I came across this site through a post on the How to Learn Any Language forums. I thought I had found all the good sites for learning Arabic, but this one has stayed hidden from me. It's called LangMedia and they have resources for a lot of different languages, not just Arabic. As far as Arabic goes though, not only does it have a lot of MSA dialouges with translations, but there are also quite of few roleplay videos in the Jordanian, Palestinian, and Syrian dialects (also with translations). I wish I had known about this site a year ago when I was just starting with the Arabic dialects. It would have made the road a lot easier. There's really a lot to be learned from this site.
Here's an example of the kind of videos that are on their website along with the transcription and translation.
رحت انا مع ابوي لتل ابيب و كانت هاذي اجمل مرة بطلع فيها في إجازة. بقيت هناك لأسبوعين. رحت على البحر. رحت على مطاعم. رحت على حديقة الحيوانات. و كان يعني إجازة تستحق يعني أن تتسمى إجازة لأنه كانت أول مرة بروح فيها على حديقة حيوانات. أول مرة بشوف البحر. تعرفت على أصحاب كثير
I went to Tel Aviv with my dad. This was the best vacation I ever had. I was there for two weeks. I went to the sea; I went to restaurants; I went to a zoo. It deserved to be called a vacation because it was the first time I went to a zoo and saw the sea. I made a lot of friends.
Hello! Nice blog! :)
You can send people who ask for their names in Arabic my way. I'll be glad to help when I have time.
Interesting to note the following in the video:
1. When he says several times:
"I WENT" he says ROHIT rather than ROHT (with an "i" sound between H and T)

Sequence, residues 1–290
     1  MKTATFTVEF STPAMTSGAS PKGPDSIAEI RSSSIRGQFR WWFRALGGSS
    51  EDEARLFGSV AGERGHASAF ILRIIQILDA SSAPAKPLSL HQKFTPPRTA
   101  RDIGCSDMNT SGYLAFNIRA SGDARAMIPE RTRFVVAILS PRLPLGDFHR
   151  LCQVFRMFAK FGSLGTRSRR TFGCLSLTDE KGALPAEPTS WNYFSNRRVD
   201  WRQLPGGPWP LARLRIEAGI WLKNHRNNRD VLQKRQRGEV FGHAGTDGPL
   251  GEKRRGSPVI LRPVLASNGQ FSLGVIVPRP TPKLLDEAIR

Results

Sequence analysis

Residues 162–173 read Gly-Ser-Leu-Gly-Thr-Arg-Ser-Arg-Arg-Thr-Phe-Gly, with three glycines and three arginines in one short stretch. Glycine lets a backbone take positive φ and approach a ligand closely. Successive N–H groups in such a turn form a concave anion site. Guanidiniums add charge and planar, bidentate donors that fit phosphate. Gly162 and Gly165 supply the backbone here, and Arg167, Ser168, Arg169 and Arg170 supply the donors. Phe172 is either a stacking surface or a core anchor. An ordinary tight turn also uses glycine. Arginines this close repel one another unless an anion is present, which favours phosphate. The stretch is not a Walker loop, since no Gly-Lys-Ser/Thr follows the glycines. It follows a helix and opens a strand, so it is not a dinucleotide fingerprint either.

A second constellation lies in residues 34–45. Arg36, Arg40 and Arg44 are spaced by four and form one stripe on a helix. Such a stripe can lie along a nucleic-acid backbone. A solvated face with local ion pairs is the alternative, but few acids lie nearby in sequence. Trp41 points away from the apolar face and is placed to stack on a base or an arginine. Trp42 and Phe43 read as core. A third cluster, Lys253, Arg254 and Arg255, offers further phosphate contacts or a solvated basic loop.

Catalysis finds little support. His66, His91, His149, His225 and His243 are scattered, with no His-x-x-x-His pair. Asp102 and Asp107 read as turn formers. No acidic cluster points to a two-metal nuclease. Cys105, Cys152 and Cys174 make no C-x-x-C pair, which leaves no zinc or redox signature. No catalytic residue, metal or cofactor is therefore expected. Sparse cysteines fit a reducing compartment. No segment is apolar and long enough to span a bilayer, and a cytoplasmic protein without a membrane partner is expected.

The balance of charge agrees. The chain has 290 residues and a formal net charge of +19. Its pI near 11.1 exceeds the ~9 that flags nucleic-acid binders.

One of the hardest things for me in learning Arabic dialects is the correct positioning of VOWELS.
It appears that there is almost FREE VARIATION in their use......like you can use almost any vowel anyplace. I know it's not as scattered-brained as that, but it's a bugbear to be sure
This is probably due to the fact that in comparison with CONSONANTS, VOWELS are less important in Arabic.
This is in contrast with English where the vowels hold primary place
(Is it: pit,put,pat,pet or pot?? It's vital to pronounce these correctly) whereas the consonants take secondary place.
This is a general statment of course, but I believe it is generally true and very seldom mentioned by teachers of both English or Arabic.
2. Another feature of the colloquial in Arabic which is a little hard to learn correctly: THE USE OF THE PRESENT TENSE FOR THE PAST.
Where he says: I WENT to a zoo for the first time and I SAW the sea for the first time. In Arabic he's using the PRESENT CONTINUOUS (isn't he?) using بروح for "I went) and using بشوف for "I saw"
He's saying: "The first time I SEE (or I AM SEEING)"..... and "the first time I GO (or I AM GOING)."
Again, it's these little but hugely important aspects of language that are so seldom mentioned by teachers.....I guess they don't see them as problems.
That's why there's an old adage in language teaching: The worst teacher of a language is a native speaker of that language (except, of course, for the pronunciation).
Post a Comment